The most compromised component in this build turns out ironically to be the one that inspired it. The Corsair Carbide Air 240 is a fascinating concept poorly executed. There are three main issues:

  • Basic build quality is mediocre at best. The side panels — nay, all the panels! — are too thin and flexible and too many parts fit sloppily. Make it better and charge a bit more!
  • The dust filters built into the top, front and bottom panel vents are far too restrictive of airflow. This might be less of an issue if you're running case fans at full speed, but 50% less airflow has got to be significant for anyone seeking good cooling, whether for an overclocked rig or a low-airflow stealth machine. This flaw should be easy for Corsair to correct.
  • The case probably should not be made much wider if it's going to fit comfortably on many desks, but the internal width of the main compartment is unfortunately narrow.

The best and best cooler-equipped VGA cards are all too wide to fit in the main compartment. You simply cannot fit any of the recent generation ASUS Strix GTX 980/970 or MSI Gaming GTX 980/970 cards in the Air 240; these are reputedly the quietest graphics cards on the market. If you want a GTX 980 in this case, it must be one fitted with a narrower cooler, which almost assuredly will have smaller fans and be too noisy for a quiet rig. All this could be avoided if the main compartment of the Air 240 was 1.5 cm or maybe even just 1 cm wider.

Could the right side compartment have been squeezed one centimeter narrower and the extra space given to the left side? Judging by the space on either side of the vertically poisitioned PSU, I believe so. A half cm wider overall dimension would have made no change desktop usability, either.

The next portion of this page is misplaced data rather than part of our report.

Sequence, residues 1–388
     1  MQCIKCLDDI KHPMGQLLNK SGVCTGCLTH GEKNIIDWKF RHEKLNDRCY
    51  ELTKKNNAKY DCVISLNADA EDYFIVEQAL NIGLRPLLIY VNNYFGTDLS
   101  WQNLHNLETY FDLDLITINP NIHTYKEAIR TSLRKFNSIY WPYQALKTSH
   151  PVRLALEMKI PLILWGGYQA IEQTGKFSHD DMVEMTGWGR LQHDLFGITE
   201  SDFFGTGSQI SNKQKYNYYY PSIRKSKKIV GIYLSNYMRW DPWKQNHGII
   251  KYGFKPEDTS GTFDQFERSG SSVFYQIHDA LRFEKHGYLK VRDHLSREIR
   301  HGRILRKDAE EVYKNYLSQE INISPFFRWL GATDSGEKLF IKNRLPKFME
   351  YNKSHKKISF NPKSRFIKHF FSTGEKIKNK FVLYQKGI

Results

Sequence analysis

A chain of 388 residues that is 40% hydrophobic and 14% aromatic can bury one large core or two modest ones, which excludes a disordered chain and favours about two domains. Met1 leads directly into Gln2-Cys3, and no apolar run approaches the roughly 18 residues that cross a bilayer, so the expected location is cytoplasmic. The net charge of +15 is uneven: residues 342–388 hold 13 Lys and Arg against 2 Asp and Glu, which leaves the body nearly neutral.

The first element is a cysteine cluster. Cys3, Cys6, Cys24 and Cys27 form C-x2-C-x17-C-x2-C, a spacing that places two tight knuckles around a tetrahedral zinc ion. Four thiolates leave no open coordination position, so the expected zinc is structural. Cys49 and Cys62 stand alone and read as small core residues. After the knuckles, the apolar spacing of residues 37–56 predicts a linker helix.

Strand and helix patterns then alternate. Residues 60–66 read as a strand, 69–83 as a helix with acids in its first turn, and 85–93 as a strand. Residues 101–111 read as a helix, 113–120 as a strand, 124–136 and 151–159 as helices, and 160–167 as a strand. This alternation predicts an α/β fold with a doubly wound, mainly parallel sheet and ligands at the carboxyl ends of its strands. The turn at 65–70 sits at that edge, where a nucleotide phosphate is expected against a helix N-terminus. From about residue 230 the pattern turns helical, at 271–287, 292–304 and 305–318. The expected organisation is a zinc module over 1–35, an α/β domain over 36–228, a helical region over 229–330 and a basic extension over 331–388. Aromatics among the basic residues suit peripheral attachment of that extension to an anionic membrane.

Lest this article end on a negative note, I draw your attention to the results of the dust filter and fan airflow experiments conducted in the course of this build. It's positive reinforcement of a basic tenet for PC silencing SPCR has espoused for years: Minimize impedances for best airflow and low noise. Yes, dust filters can be convenient and useful, but if you're seeking to eke out the best airflow with the lowest noise, they're not in your best interest. Just accept the need to be a bit more vigilant about dusting and know that you have to clean dust filters just as often anyway.

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This is certainly my last article for the week, so have a Merry Christmas! (What? I dare mention the word? How un-PC! Mmmmm.... How commonsense! It's what the day is called, OK?)

This concludes another SPCR Silent Gaming PC Build Guide. Please support SPCR and help us present many more build guides by using our sponsor advertising links for your shopping.

Many thanks to Intel, Corsair, Arctic, Crucial, Gigabyte, Kingston, Seasonic and Noctua for sponsoring the components in this build guide.

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Articles of Related Interest
Quiet Mini-ITX Gamer Build Guide
Quiet ATX Gamer, R5 Version
SPCR's Quiet ATX Gaming Build Guide
Silent Mid Gaming PC Build Guide
Case Basics & Recommendations
Recommended Heatsinks

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Discuss this article in the SPCR Forums.